If there is such a thing as a goat whisperer, it might be Lana Batek.
The 17-year-old seems to have a calming effect on the notoriously noisy, wonderfully curious animals. She cradled Rose, her 10-week-old dairy goat, in her arms as the mother, Petal, rested in a shed Friday morning at the DuPage County Fair in Wheaton.
“She’s very cold, as you can see now,” Lana said, holding the floppy-eared goat kid. “And she’s very, very sweet and super friendly.”
The bond between Lana and the Nubian mixed-breed goat could impress the judges at Saturday’s 4-H show at the fair. The blue ribbon contests build on family traditions, linking to the county’s farming past and celebrating suburban children who have learned the daily hardships and simple joys of caring for animals.
Living in an unincorporated area of Cook County, Lana raises goats on a Glen Ellyn-area ranch that opens its doors to 4-Hers coming of age in a land of subdivisions and chain stores. It is hard and rewarding work. Lana eased a pregnant goat through labor “without panicking.”
“I’d never done that on my own,” she said of welcoming Rose into the world.
In a nearby shed, at least twice a day, Nora Tobin brushes the wavy mane of her rabbit, King, named for his regal demeanor and breed.
The Lionhead rabbit can earn a fair price with his well-groomed locks. King, or “Kingsley” for formal occasions, likes strawberries and “bunny yoga,” Nora said. That means – pun intended – hopping around as people strike a pose in their St. Charles home.
“He’s the king of the castle,” said Nora’s mother, Eileen Tobin.
Tobin has childhood memories of showing animals with her friends at the fair. Now their kids are in the same 4-H Club, the Whirlybirds. Nora is vice president. The high school freshman-to-be joined 4-H in the third grade.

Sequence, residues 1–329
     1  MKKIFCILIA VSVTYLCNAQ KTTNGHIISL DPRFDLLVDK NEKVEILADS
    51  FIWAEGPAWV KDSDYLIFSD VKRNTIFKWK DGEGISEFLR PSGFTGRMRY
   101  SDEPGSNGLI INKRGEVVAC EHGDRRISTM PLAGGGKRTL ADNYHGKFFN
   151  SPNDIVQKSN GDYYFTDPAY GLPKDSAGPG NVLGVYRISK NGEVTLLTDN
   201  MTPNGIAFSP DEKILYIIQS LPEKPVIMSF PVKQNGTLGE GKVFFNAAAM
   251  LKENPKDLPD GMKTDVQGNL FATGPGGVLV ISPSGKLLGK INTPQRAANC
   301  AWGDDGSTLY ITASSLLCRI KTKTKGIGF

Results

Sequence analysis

“I’m proud of her for taking that responsibility so seriously, and she works as an advocate,” Tobin said. “Since she was very young, she would advocate for animal education.”
Novices at the fair, far from agricultural areas, receive training in the barns. Some even confuse Jersey brown cows with “beautiful horses,” dairy farmer Debbie Vaughan said.
In all fairness, Jerseys are like a workhorse that produces milk.
“These girls are gaining about 60 pounds a day,” Vaughan said.
Vaughan and her husband Ron run Century Acres, a 95-year-old farm in Sheridan, 50 miles from the DuPage stock exchange, an institution intertwined with family history.
“This was my husband’s 4-H scholarship in the ’60s,” Vaughan said.
All these years later, the Vaughans are still bringing their cows and a homely feel to the fair. Framed black-and-white family photos and newspaper clippings hang on a wood-paneled display. Flowers in a milk bucket and a painted cowbell complete the charming scene.
“We’re having a great time and meeting a lot of nice people,” said Vaughan.
She has children bottle-feed the two calves and shows how to milk the adult cows at 6 a.m. and 6 p.m. during the three-day funfair.
“They are known for their high butterfat and high protein content,” Vaughan said.
Trade fair visitors pick up that kind of tidbits from 4-H Club members. Lana feeds her goats with hay and grains. Baby Rose, who has settled in at her first funfair, seems to thrive on something else as toddlers gave her a pet.
“I think she likes the attention.”